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McCaffrey Football Camp opens

By Neil H. Devlin, Mullen Sports Information Director
Former Bronco WR's annual gathering looks a bit different in 2020 with the pandemic, but an enthusiastic group was on hand for its debut with Mullen as host site.
It’s a different version of the Ed McCaffrey Football Camp, but an Ed McCaffrey Football Camp nevertheless.

In the face of the coronavirus (COVID-19) pandemic, a still-skeptical public and a last-minute landing of a facility, the popular former Bronco’s annual gathering of instruction for young players opened a four-day run at Mullen on Monday and it was difficult to tell it from past years.

“Finding a facility obviously was the biggest challenge with what was going on in the state,” camp director Tyler Johnson said. “So was the timeline and how do you run it safely within the guidelines?”

He added: “In some regards, (the pandemic) made it easier and in some others it took some of the fun aspects out of it, but we’re excited to do it.”

Simply being able to keep the camp going in 2020, McCaffrey said, was huge and in more ways than one.

“Yeah, the kids are so excited, the parents are excited and the kids have been kind of stuck inside for months now, and I think it’s healthy for kids to get out in the sun to exercise and to have fun,” the three-time Super Bowl winner (two with Denver) said. “Obviously, we’re making sure we follow all of the safety protocols here in the state of Colorado. So the camp’s a little different this year.”

Mostly for players ages 8-12 and dotted with 13-year-olds, the current camp also is down to one session as opposed to two per day, which limited the convenience for families, and there were 90-plus participants instead of the more than 200 in some past years, but “the kids are excited, they’re running around and having fun, and it’s a great reprieve not only for them, but for their families who have been stuck inside for way too long,” McCaffrey said.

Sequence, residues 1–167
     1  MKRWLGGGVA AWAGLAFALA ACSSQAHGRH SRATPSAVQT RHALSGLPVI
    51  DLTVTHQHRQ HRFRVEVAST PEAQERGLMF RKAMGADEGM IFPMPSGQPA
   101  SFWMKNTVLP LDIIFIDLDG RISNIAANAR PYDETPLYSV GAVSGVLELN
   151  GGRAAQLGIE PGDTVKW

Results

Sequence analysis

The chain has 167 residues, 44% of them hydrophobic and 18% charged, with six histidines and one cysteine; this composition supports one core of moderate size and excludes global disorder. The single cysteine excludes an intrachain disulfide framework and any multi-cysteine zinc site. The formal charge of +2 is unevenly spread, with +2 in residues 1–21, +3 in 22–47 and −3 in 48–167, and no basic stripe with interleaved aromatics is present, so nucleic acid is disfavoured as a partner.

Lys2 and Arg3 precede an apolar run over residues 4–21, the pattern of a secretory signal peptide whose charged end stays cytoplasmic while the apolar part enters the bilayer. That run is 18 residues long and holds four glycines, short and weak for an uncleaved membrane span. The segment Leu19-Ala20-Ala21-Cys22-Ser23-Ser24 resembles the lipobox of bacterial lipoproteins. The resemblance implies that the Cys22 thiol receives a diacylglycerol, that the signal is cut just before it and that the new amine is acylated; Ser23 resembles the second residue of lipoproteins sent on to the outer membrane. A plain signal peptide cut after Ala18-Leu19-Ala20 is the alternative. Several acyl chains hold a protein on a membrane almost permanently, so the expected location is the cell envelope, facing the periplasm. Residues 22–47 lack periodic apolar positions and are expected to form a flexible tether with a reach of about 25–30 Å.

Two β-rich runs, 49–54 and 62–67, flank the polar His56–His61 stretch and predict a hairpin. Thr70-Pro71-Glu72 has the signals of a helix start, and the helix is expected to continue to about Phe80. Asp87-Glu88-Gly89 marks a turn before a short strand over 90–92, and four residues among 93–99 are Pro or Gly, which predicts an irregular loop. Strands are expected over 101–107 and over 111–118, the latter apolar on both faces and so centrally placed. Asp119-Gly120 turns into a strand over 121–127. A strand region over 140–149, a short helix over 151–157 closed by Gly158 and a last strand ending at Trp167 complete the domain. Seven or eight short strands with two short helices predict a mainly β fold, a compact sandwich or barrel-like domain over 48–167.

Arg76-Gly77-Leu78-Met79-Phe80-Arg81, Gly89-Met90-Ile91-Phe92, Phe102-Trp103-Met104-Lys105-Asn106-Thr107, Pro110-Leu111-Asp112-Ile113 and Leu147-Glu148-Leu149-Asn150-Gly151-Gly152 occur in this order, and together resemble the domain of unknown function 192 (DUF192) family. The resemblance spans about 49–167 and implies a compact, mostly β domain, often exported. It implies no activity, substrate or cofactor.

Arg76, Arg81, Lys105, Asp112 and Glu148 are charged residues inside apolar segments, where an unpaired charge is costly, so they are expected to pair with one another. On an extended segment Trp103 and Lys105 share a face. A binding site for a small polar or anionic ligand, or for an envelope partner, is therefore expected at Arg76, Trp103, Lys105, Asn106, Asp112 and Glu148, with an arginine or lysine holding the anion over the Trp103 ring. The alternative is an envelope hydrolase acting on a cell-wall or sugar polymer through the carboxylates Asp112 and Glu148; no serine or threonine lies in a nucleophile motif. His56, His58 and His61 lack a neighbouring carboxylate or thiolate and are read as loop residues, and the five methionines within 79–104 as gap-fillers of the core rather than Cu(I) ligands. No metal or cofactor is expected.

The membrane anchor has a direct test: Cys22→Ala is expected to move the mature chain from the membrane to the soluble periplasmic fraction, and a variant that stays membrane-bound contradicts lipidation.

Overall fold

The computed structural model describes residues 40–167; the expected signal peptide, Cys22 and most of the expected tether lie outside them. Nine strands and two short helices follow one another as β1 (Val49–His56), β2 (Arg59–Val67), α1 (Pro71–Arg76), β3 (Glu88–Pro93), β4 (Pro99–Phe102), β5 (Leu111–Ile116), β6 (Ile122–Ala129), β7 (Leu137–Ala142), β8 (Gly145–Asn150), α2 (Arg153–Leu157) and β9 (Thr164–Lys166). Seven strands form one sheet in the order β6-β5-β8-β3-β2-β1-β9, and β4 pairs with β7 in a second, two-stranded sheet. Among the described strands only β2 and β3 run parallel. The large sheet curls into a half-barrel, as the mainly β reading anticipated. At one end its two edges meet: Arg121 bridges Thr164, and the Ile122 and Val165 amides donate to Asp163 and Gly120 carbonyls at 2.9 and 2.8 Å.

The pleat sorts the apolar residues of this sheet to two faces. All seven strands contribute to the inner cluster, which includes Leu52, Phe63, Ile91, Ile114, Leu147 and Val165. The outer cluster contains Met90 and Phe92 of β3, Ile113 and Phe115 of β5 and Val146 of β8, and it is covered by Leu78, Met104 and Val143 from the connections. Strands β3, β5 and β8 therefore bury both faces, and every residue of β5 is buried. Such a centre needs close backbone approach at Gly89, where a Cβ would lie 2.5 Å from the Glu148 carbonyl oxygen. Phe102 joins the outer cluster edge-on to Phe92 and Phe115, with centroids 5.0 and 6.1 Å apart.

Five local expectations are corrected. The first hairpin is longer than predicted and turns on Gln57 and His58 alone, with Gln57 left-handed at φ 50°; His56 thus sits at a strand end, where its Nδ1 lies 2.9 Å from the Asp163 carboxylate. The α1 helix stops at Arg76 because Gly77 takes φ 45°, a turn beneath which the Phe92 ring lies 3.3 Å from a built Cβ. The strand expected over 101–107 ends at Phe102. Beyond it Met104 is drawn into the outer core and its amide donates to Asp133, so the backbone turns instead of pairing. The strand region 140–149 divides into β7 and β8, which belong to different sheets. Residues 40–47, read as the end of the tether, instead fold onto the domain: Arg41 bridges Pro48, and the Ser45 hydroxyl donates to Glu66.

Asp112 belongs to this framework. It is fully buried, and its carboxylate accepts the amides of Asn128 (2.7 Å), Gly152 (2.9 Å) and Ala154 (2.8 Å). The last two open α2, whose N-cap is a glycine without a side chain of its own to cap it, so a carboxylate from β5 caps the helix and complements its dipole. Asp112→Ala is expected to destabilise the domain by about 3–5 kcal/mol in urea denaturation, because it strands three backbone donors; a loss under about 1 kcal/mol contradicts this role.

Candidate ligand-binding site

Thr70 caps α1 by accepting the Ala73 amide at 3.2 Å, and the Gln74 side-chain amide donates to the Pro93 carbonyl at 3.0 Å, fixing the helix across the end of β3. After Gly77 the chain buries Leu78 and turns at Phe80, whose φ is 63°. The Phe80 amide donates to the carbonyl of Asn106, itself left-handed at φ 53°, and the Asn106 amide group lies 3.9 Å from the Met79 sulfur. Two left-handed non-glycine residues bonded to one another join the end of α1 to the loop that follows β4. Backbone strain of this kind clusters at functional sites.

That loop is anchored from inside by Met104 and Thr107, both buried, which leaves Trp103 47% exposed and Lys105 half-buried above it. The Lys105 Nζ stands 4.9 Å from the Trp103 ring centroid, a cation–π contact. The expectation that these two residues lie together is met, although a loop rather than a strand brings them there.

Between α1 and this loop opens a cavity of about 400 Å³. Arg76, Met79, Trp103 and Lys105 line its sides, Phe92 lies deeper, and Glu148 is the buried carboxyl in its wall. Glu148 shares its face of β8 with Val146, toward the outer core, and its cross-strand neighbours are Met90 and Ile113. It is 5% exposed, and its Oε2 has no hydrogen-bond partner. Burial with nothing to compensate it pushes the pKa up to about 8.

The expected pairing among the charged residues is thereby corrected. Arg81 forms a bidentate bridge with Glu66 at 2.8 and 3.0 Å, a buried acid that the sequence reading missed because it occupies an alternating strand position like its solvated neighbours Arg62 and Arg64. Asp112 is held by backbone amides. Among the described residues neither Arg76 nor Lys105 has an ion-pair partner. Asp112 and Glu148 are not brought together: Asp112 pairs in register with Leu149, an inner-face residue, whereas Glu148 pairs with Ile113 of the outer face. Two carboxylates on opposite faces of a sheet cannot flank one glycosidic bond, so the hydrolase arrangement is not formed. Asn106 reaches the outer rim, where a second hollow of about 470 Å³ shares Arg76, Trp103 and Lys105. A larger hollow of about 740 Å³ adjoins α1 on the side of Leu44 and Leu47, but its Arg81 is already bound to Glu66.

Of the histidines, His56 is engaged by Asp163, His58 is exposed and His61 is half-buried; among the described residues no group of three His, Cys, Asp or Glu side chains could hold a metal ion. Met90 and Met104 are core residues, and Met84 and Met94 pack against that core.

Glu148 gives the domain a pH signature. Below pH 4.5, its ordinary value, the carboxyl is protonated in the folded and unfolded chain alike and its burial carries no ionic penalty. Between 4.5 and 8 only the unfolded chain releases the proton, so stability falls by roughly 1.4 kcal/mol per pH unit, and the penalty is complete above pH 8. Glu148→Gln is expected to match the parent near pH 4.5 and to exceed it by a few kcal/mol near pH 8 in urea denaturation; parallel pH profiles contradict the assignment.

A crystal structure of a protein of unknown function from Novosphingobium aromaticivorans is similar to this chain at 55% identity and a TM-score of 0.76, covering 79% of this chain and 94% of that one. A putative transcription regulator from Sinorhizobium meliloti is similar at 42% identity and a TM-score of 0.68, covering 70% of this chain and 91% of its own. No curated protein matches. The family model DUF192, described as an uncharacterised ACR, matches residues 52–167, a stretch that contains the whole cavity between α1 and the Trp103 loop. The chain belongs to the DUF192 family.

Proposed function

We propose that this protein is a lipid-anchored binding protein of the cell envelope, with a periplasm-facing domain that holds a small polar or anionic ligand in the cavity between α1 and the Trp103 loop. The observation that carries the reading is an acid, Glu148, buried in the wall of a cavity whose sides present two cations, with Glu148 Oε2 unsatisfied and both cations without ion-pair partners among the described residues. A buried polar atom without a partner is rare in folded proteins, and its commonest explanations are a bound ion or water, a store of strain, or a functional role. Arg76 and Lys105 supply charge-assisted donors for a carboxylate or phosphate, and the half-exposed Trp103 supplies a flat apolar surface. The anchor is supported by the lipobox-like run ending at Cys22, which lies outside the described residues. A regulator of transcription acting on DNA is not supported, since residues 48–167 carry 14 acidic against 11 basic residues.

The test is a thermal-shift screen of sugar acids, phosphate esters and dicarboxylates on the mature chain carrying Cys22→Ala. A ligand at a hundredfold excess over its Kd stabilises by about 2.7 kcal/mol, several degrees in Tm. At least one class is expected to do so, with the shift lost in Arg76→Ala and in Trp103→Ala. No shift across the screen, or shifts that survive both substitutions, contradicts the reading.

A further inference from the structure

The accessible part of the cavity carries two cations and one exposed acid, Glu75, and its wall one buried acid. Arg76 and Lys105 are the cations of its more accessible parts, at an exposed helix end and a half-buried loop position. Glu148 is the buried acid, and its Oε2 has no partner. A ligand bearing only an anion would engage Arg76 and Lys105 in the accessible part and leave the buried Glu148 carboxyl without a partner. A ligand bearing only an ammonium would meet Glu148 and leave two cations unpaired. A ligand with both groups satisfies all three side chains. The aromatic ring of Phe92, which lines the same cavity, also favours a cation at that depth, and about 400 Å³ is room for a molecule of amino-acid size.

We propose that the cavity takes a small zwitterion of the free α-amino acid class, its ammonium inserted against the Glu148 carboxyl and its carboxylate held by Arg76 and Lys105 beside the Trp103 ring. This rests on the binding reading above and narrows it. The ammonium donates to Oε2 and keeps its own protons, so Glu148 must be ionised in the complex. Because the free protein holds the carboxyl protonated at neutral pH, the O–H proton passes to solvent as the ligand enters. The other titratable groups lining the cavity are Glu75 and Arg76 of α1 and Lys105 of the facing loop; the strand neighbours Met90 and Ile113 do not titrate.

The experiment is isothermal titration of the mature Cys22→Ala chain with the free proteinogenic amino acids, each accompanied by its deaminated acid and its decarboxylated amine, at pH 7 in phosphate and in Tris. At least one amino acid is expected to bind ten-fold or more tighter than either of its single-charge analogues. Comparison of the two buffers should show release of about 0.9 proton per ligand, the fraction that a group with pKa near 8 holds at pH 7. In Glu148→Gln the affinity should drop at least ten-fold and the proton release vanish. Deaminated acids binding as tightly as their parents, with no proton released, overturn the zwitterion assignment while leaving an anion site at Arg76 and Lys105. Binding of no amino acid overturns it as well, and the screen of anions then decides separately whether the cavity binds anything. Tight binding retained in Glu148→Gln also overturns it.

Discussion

Such is the case for Oscar Maynez, an aspiring Mullen player who will be a freshman. He said he couldn’t pass up the chance to learn from an established professional.

“Honestly,” Maynez said, “he was a wide receiver and that’s my dream – to be a wide receiver in the NFL.”

Parent Brian Owen brought his son, Breckin, who will be a fourth-grader, to the camp and had no complaints.

“It’s a good deal,” he said. “Highly trained coaches, well-known name, well known school … yeah!”

As for his son, the 9-year-old said “I’m glad I came to the camp. I think I learned a lot.”

The camp occurs from 8:30-11:30 a.m. each day and runs through Thursday.

Helping McCaffrey run the camp are some of his current and furloughed assistants at the University of Northern Colorado as well as former players at Valor Christian.

McCaffrey’s oldest son, Max, who will work with his father at UNC, was on hand on Monday. Younger sons Dylan (Michigan) and Luke (Nebraska) had to return to school, but Christian, the All-Pro running back who recently signed an extension with the Carolina Panthers, will attempt to make the camp on Thursday.

A day earlier, Ed and Christian teamed with USAA for a surprise visit to a Marine and his daughter, who also is serving, on Father’s Day.